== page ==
Frank Fiore – Novelist & Screenwriter

November 9, 2013

How To Write A Novel: An Approach for GIAGIN

Filed under: GAIGIN,How to Write a Novel — Frank Fiore @ 11:42 AM

I was re-watching one of my favorite movies a couple of weeks ago called The Razor’s Edge based on the book of the same name by W. Somerset Maugham. I was running through my mind the first person narrative approach to both the movie and the book and it dawned on me that maybe I should try to use that technique in GAIGIN.

So I sat down, took the DRAFT wire frame of the plot that I had created and wrote the first chapter in the first person to see what it would look like.

I was amazed with the intriguing result it did to the opening of the story. Here it is. Now remember this is just an attempt at using the first person narrative and no real attempt at polishing the work.



August 1945

As I sit in a cold dank cell in the bowls of a military prison in Hiroshima awaiting my execution, I thought about another facing death. A remarkable young boy coming of age against the backdrop of this ill-conceived war my country has waged these past nine years.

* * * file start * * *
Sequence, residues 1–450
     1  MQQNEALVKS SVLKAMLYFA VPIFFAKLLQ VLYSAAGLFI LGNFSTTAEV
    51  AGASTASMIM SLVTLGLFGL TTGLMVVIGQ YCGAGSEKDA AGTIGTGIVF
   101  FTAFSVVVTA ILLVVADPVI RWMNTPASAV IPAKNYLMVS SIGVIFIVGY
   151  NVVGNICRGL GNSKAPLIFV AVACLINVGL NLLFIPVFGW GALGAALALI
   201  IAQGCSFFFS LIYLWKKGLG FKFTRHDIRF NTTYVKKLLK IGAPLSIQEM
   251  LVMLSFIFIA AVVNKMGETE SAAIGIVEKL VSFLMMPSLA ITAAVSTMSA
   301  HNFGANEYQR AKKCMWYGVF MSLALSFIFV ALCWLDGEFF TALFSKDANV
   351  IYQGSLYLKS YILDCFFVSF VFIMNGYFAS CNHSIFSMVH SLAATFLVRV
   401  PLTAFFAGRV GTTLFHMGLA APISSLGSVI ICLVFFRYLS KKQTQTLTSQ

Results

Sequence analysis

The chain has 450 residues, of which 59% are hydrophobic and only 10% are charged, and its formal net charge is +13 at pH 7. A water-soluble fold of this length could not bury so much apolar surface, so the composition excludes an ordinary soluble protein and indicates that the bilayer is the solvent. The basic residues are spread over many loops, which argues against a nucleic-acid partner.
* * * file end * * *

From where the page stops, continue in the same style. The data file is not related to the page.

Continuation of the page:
The story I’m about to tell, to the best of my memory, is my recollection of that boy, maturing amidst this war, whom I was thrown into close contact over a period of years. A war that has cost the lives of millions of my fellow countrymen. A war of national suicide and the personal suicide of hundreds of thousands of a polite and cultured people gone mad – and that young boy, now a teenager tormented by this war, has placed himself in harms way.

Out of fear, revenge, honor or personal salvation, I couldn’t say. Only that any one of these or all has placed Trace Williams, an American teenager, in the pilot seat of a Mitsubishi Zero on his way to join other young Kamikaze pilots attacking the powerful American fleet off our coast. 

How did this young American teenage boy arrive at such a strange and startling fate? Perhaps I should start at the beginning.

So what do you think? Comments are appreciated.



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